How a punch can change a fight, and it did at Bellator 133.
One punch, one man’s greatest nightmare and another’s salvation.
That punch was a spinning back fist by Alexander Shlemenko. He scored a second-round technical knockout over former championship kickboxer Melvin Manhoef with this punch and, in turn, put himself back in the epicenter of the Bellator Middleweight title mix.
Manhoef began the fight by rushing Shlemenko, who snapped what was once a thirteen-fight win streak last year, losing twice in a row in the very first round. He was in dire need of a revelation; something to fix what had gone so terribly wrong in his MMA career. Shlemenko, with the fight close after the first round, was getting roughed up close and was unable to make a true impact with the striking that earned him thirty knockout victories in his 62-fight MMA career. He was boxing on near even terms with Manhoef but wasn’t able to separate himself when he needed to.
Shlemenko’s right hand was landing, but Manhoef did have the proper pace and footwork to negate the Russian’s hardest punches. Just as the storyline had set in, one spinning back-fist rewrote the script, and sent Manhoef down and out in an early knockout-of-the-year contender. Shlemenko wouldn’t even need a follow-up attack. He had scored a comeback win at 1:25 of round two.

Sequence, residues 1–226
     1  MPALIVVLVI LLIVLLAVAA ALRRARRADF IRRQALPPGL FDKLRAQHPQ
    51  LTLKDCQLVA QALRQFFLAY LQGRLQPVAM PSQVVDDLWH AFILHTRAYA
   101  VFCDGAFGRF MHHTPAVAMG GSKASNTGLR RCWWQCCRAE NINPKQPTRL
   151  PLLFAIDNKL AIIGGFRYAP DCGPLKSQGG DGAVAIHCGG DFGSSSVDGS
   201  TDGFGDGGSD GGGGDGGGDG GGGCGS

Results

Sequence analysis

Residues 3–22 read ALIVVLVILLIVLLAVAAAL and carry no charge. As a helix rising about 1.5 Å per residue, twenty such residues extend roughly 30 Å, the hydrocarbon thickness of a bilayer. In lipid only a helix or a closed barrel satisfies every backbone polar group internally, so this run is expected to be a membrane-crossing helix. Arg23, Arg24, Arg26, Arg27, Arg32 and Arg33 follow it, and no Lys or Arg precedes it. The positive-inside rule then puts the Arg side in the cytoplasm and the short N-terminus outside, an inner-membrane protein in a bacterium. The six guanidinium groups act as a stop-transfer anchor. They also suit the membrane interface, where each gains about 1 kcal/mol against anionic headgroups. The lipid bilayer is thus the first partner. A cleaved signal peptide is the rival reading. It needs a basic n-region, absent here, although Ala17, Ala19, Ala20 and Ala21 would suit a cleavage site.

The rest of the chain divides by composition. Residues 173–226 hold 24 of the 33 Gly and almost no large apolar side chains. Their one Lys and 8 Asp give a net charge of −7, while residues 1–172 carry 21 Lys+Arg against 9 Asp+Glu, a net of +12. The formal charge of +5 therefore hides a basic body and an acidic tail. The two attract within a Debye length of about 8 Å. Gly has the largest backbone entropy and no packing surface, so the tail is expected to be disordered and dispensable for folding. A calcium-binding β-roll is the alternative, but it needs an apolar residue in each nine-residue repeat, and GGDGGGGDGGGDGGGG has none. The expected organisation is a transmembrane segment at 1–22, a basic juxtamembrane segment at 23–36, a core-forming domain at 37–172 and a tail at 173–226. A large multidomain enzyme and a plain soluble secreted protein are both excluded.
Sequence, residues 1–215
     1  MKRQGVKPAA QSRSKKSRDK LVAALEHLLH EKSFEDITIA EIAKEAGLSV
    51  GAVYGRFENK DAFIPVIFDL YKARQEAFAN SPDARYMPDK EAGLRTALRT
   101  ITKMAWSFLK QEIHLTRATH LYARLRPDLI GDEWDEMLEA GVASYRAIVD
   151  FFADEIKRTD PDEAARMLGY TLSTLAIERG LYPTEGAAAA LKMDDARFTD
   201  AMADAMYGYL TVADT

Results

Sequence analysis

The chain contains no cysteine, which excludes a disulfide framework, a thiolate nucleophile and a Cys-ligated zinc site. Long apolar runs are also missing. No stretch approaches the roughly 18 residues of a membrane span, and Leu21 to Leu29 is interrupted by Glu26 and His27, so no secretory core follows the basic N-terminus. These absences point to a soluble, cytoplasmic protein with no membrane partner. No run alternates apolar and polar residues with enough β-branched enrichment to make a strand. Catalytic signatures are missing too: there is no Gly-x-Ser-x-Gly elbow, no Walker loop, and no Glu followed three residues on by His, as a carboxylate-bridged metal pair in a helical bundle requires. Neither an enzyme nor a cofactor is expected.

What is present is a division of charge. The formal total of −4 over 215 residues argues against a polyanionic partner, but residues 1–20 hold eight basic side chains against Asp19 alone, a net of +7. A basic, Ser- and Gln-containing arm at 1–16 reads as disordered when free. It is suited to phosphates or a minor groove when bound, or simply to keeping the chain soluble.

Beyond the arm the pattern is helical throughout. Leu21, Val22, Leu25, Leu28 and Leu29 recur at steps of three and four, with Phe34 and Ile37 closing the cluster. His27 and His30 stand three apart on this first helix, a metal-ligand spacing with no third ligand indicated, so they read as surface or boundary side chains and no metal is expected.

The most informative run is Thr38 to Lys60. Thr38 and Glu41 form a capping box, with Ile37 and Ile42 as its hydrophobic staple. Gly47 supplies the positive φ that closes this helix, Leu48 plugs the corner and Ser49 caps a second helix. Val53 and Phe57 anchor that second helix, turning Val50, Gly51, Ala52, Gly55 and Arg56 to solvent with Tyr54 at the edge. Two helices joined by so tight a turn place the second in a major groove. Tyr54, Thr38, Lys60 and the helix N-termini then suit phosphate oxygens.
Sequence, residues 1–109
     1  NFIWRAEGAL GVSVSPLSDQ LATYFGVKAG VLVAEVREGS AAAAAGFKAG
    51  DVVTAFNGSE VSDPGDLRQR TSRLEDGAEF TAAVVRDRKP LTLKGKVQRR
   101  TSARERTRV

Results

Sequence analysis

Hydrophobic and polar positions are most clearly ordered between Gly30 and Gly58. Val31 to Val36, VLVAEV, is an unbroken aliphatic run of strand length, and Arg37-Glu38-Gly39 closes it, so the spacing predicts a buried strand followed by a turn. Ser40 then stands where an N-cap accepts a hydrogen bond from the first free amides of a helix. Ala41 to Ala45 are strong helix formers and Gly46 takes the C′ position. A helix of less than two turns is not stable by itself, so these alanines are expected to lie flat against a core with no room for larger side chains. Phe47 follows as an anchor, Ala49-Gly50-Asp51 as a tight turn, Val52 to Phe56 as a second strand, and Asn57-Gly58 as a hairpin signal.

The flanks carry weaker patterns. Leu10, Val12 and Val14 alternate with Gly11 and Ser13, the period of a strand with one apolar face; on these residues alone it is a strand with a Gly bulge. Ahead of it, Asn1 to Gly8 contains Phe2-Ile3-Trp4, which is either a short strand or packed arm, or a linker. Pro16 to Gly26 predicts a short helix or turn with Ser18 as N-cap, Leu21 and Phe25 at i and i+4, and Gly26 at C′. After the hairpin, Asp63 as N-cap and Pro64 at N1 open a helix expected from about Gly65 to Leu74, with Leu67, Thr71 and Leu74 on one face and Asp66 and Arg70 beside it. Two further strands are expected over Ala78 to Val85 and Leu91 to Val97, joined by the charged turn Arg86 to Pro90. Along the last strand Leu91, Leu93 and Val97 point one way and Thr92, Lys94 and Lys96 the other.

Shlemenko moved to 52-9, and will be looking for another shot at the Bellator Middleweight title in the near future. Brandon Halsey took the belt from him in September of last year — scoring a submission just 35 seconds into round one. That would not be the case against a fellow striking expert in Manhoef.
On his feet, Shlemenko has proven once again to be one of the most unpredictable fighters in the sport. It is on the ground where he has his downside. He will need to improve upon that to consistently score wins at a high level.
In the Bellator 133 co-main event, Pat Curran’s nervy start to the fight lead to uncertainty on the scorecards.
The fight, in which the former Lightweight champion was favored, was dominated by Daniel Weichel. He was awarded the nod only on the merits of a split decision, but was the better man for much of the night.
The 35-8 MMA veteran would be the aggressor. He set the pace early and was pressing the fight in the clinch and on the ground. Curran’s wrestling proved to be a non-factor and his striking couldn’t change anything once the German strolled along by an early lead. Curran couldn’t meet his exigent demands and never threatened to take over through three rounds. The judges didn’t recognize that, but did grant “The Weasel” Weichel a split decision (29-28, 28-29, 29-28).
Other results from Bellator 133:
Women’s Featherweights: Julia Budd UD 3 Gabrielle Holloway (30-26, 30-25, 30-24)
Welterweights: Chris Honeycutt TKO 3 Clayton MacFarlane (Referee stoppage forced by punch accumulation)
Featherweights: Emilio Chavez UD 3 Art Arciniega (30-27, 29-28, 29-28)
Middleweights: Blake Watkins KO 1 George Zuniga (Punch; stoppage at :55 of opening round)